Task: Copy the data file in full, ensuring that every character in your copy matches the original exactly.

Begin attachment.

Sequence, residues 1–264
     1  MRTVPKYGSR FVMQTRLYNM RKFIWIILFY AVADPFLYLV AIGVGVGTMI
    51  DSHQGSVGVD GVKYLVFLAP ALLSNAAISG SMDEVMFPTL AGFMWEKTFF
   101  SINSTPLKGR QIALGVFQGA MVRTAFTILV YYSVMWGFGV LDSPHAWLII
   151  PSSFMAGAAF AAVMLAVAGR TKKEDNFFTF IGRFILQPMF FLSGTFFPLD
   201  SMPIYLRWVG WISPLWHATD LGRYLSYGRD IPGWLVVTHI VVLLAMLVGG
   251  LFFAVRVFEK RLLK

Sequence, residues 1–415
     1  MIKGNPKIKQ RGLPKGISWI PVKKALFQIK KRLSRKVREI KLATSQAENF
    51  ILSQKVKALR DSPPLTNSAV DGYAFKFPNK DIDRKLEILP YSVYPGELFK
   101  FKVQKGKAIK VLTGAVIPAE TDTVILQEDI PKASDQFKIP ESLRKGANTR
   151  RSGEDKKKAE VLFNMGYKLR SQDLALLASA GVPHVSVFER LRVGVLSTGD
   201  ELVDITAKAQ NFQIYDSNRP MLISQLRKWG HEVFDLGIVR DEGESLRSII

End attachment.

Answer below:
Sequence, residues 1–264
     1  MRTVPKYGSR FVMQTRLYNM RKFIWIILFY AVADPFLYLV AIGVGVGTMI
    51  DSHQGSVGVD GVKYLVFLAP ALLSNAAISG SMDEVMFPTL AGFMWEKTFF
   101  SINSTPLKGR QIALGVFQGA MVRTAFTILV YYSVMWGFGV LDSPHAWLII
   151  PSSFMAGAAF AAVMLAVAGR TKKEDNFFTF IGRFILQPMF FLSGTFFPLD
   201  SMPIYLRWVG WISPLWHATD LGRYLSYGRD IPGWLVVTHI VVLLAMLVGG
   251  LFFAVRVFEK RLLK

Sequence, residues 1–415
     1  MIKGNPKIKQ RGLPKGISWI PVKKALFQIK KRLSRKVREI KLATSQAENF
    51  ILSQKVKALR DSPPLTNSAV DGYAFKFPNK DIDRKLEILP YSVYPGELFK
   101  FKVQKGKAIK VLTGAVIPAE TDTVILQEDI PKASDQFKIP ESLRKGANTR
   151  RSGEDKKKAE VLFNMGYKLR SQDLALLASA GVPHVSVFER LRVGVLSTGD
   201  ELVDITAKAQ NFQIYDSNRP MLISQLRKWG HEVFDLGIVR DEGESLRSII